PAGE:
Mercury Rising: JSU to Host Planet Viewing on May 9


Mercury will appear as a small, black dot on the face of the Sun. Photo courtesy Wikimedia Commons.

Earth’s smallest cousin, Mercury, will make a rare passage between us and the Sun on May 9. Come out to JSU’s McGee Science Center between 9 a.m. and 2 p.m., when the Department of Physical and Earth Sciences will set up solar telescopes on the south side of the building to allow for safe viewing of the celestial event. Admission is free and open to the public.

Known as the “Transit of Mercury,” the phenomenon will appear as a small black dot moving across the face of the Sun. Out of all the planets in our solar system, only Mercury and Venus transits are visible from Earth because they are the only two planets between the Earth and Sun. There are 13 transits of Mercury per century. The last occurred in 2006 and scientists predict the next two will be in 2019 and 2032. Transits of Venus are even more rare – the last took place in 2012 and won't happen again until 2117.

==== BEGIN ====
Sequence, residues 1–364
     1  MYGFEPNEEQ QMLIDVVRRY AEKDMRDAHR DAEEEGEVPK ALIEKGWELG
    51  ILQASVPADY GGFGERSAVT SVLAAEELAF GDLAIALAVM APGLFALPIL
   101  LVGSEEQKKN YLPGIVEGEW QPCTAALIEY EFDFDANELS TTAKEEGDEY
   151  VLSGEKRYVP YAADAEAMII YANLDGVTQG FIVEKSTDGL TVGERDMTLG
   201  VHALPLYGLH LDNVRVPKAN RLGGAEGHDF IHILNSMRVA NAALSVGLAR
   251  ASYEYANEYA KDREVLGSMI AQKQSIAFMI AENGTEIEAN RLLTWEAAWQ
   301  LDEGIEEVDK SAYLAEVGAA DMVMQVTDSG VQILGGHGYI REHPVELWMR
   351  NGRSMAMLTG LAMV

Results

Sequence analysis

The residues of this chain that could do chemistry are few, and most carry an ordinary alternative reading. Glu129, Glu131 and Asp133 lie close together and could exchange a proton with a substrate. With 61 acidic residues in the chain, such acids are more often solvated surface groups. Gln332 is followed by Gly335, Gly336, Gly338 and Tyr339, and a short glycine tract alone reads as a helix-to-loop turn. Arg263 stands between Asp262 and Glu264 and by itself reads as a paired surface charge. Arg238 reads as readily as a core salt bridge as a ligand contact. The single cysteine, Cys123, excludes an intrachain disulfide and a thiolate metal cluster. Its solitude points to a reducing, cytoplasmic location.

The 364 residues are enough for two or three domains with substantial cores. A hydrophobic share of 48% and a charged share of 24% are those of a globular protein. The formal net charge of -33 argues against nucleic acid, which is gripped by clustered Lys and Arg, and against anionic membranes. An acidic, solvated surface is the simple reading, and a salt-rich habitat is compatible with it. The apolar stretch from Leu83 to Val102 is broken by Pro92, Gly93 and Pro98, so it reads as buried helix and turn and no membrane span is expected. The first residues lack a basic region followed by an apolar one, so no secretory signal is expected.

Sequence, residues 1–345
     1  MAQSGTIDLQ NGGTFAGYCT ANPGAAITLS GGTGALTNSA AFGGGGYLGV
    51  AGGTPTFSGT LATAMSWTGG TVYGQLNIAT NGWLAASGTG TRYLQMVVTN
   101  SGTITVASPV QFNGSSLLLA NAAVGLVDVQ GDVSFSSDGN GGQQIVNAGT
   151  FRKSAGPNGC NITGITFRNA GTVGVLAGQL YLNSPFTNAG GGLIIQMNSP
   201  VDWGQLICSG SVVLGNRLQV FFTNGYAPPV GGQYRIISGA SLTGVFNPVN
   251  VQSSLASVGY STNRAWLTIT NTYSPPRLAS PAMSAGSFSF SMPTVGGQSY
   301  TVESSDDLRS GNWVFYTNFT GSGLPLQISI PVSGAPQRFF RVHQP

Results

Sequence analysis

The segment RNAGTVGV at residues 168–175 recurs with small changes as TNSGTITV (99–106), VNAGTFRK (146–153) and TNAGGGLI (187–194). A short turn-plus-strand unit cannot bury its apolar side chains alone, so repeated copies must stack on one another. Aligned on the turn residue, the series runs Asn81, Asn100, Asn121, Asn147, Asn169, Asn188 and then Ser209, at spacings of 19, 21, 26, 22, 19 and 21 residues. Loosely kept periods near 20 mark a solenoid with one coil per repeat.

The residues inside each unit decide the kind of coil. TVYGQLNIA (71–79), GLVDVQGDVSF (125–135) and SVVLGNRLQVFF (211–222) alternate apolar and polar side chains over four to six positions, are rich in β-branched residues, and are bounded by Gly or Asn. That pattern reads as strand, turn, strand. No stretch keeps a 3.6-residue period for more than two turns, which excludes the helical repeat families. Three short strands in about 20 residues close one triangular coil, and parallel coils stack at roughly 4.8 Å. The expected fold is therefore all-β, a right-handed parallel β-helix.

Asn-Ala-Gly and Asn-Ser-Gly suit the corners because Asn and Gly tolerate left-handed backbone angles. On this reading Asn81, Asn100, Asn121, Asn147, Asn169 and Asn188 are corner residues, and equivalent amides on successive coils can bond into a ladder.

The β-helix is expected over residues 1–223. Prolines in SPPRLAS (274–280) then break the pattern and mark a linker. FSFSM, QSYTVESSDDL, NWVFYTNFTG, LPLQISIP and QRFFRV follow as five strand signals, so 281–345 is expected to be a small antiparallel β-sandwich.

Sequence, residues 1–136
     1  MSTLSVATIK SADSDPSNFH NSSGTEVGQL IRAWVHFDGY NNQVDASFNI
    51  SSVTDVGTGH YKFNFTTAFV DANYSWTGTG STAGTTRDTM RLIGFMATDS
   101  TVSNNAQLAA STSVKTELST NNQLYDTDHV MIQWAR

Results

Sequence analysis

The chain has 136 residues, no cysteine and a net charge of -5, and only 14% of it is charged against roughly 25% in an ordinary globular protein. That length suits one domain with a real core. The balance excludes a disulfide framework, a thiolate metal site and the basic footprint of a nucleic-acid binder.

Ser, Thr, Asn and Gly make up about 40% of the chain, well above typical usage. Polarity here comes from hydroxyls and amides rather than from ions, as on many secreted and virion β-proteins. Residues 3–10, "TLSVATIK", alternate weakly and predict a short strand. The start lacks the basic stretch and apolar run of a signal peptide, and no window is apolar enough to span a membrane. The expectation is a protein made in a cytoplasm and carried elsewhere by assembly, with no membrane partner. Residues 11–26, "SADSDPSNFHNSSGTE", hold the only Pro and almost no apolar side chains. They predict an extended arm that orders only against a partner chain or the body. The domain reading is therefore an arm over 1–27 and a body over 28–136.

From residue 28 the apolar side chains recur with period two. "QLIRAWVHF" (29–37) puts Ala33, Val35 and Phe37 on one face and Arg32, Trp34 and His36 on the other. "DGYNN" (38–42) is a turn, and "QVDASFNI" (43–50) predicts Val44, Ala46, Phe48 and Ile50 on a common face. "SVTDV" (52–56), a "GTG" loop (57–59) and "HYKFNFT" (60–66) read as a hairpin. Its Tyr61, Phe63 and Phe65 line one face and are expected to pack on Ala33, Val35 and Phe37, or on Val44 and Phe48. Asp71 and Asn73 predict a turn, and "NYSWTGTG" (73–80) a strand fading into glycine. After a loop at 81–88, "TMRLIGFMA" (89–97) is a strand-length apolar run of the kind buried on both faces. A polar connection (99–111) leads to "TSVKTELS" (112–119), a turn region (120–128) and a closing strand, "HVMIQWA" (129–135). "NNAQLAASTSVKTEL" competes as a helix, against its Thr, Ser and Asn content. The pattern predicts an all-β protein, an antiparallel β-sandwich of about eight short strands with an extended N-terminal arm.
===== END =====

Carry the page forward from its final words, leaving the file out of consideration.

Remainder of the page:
Be sure to come out and take part in this “out of this world” experience. This is just one of the community outreach programs hosted by the JSU Department of Physical and Earth Sciences. The McGee Science Center is also home to the JSU Planetarium, which hosts monthly shows from December to April. For more information, contact Dr. Laura Weinkauf, associate professor of physics, at 256-782-5743 or